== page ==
LONDON (Reuters) - Several thousands jobs will probably be relocated to Paris as a result of Britain’s decision to leave the European Union, French Finance Minister Bruno Le Maire said on Tuesday during a visit to London.
Executives and lobbyists told Reuters last month that Paris and Frankfurt were set to see a trickle rather than a wave of London bankers arrive this year, with the prospect of a softer Brexit discouraging them from leaving Britain immediately.
The French government has been actively seeking to convince banks to move jobs to Paris and introducing incentives like tax breaks and pledges to open more English language schools for bankers’ children.
“The banking jobs that come back to France will be several thousand jobs, not hundreds,” he told journalists without offering the names of banks that could shift jobs to the French capital.
“The shift will come gradually and not over one day,” Le Maire said.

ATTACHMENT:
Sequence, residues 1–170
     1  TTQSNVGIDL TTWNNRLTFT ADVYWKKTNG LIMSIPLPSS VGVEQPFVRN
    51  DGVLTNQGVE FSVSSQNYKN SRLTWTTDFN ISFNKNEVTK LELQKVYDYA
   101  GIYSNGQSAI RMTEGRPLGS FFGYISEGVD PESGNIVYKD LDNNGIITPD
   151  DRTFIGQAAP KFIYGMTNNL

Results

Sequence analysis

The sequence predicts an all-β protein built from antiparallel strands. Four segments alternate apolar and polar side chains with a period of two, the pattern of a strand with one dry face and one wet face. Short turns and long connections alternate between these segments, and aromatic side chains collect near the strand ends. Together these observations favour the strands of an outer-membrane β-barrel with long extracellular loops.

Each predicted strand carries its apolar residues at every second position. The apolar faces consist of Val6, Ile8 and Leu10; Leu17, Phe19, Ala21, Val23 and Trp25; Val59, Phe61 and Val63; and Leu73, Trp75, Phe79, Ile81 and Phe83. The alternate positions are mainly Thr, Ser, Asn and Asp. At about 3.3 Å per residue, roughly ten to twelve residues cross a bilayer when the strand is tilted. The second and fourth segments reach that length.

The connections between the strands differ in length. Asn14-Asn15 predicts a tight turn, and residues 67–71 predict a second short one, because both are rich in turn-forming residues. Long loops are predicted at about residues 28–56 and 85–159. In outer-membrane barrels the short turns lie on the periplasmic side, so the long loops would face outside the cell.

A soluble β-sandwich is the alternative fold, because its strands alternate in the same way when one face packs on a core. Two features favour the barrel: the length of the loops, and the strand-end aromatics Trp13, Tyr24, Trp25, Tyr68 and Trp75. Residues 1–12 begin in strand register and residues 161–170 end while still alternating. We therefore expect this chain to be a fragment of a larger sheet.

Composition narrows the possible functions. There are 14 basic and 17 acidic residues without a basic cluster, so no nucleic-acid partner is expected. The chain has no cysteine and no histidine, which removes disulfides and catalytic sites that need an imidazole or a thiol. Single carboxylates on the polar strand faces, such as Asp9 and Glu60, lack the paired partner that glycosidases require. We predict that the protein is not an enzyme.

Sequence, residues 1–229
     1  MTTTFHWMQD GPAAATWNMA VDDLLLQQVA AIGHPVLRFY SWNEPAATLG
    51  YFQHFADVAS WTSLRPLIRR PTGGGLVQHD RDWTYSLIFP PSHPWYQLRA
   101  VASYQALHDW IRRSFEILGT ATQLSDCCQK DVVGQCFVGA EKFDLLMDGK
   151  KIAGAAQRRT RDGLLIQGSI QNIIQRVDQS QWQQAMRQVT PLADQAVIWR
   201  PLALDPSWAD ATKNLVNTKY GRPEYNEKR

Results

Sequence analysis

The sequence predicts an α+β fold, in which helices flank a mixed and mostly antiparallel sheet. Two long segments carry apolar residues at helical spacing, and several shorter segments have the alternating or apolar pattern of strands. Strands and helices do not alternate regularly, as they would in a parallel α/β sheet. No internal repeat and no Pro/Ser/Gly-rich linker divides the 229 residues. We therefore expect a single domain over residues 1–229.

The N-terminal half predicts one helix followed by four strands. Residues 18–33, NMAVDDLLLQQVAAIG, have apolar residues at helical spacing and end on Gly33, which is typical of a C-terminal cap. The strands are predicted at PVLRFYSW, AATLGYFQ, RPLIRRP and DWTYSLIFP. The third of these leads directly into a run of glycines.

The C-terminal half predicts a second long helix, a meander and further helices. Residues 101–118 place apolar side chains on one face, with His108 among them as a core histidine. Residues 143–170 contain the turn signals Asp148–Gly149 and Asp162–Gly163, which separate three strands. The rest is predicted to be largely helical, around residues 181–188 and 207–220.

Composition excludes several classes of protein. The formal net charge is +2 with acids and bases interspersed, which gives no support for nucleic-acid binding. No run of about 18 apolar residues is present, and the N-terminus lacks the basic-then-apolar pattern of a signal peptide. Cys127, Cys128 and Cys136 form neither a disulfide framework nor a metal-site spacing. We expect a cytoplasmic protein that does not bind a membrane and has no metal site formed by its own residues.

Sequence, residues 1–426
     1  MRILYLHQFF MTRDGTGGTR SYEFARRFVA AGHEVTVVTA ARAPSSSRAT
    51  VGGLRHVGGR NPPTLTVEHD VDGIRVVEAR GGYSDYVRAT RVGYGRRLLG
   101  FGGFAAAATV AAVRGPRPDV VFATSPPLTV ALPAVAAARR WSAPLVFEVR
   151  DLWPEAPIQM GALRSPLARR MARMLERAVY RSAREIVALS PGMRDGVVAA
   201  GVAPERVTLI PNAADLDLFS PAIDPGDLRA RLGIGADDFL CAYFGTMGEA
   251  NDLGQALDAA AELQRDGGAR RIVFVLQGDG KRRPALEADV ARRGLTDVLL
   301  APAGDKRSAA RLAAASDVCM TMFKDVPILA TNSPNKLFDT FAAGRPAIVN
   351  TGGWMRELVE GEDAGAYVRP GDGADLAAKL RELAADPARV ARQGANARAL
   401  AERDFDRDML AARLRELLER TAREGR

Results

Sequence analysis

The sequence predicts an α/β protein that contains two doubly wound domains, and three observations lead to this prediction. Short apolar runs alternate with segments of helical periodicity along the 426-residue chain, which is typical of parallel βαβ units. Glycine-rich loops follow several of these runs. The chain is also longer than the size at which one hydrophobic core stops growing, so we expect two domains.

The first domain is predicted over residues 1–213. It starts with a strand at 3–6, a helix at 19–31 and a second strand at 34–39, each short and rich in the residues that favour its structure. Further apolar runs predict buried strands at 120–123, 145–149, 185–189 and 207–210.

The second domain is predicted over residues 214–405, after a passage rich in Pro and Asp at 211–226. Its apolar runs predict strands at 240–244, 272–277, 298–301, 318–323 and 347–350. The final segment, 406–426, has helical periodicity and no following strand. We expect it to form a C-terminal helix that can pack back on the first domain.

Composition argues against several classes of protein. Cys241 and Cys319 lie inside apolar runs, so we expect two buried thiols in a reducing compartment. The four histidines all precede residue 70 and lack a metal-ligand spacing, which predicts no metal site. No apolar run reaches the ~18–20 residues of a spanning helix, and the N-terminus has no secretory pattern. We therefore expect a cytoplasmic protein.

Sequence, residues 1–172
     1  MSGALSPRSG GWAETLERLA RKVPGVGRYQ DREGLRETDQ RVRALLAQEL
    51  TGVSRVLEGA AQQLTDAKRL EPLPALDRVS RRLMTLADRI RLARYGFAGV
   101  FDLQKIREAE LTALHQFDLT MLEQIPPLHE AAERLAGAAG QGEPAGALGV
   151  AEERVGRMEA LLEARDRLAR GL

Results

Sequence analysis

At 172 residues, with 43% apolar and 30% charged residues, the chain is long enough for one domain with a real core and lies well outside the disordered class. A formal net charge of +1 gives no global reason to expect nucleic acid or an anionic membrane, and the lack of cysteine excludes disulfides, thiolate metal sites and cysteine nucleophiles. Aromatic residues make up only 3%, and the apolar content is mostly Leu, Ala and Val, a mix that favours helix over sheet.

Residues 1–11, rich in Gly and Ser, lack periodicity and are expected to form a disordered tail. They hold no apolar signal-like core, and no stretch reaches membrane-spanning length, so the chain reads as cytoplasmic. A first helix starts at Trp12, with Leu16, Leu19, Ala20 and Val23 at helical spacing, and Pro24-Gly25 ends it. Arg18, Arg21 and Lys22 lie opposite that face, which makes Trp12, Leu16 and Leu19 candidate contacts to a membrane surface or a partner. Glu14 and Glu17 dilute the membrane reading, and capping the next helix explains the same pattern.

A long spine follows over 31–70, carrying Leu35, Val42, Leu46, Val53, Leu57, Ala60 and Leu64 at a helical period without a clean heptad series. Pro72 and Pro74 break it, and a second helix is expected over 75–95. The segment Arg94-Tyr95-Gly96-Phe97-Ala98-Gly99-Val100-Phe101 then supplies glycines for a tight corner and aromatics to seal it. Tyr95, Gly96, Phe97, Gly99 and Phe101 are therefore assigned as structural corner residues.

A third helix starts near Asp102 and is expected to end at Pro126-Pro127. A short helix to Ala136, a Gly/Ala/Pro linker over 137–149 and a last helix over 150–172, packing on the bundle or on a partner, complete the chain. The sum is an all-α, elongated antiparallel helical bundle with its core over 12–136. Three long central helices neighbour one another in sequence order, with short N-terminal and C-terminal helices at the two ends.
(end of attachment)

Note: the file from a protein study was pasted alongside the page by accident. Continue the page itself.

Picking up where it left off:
A source close to the minister said in January that the government hoped about 3,000 jobs would be moved to Paris by 2019.
Le Maire added that banks might conclude it would be easier to expand in Paris as the realisation sunk in that it would be more complicated to offer services across the EU from London after Brexit with the loss of their financial services passport rights.
Le Maire met with banking executives during the trip and was due to meet JPMorgan Chief Executive Jamie Dimon later Tuesday evening.
Reporting by Julien Ponthus, writing by Leigh Thomas; editing by Michel Rose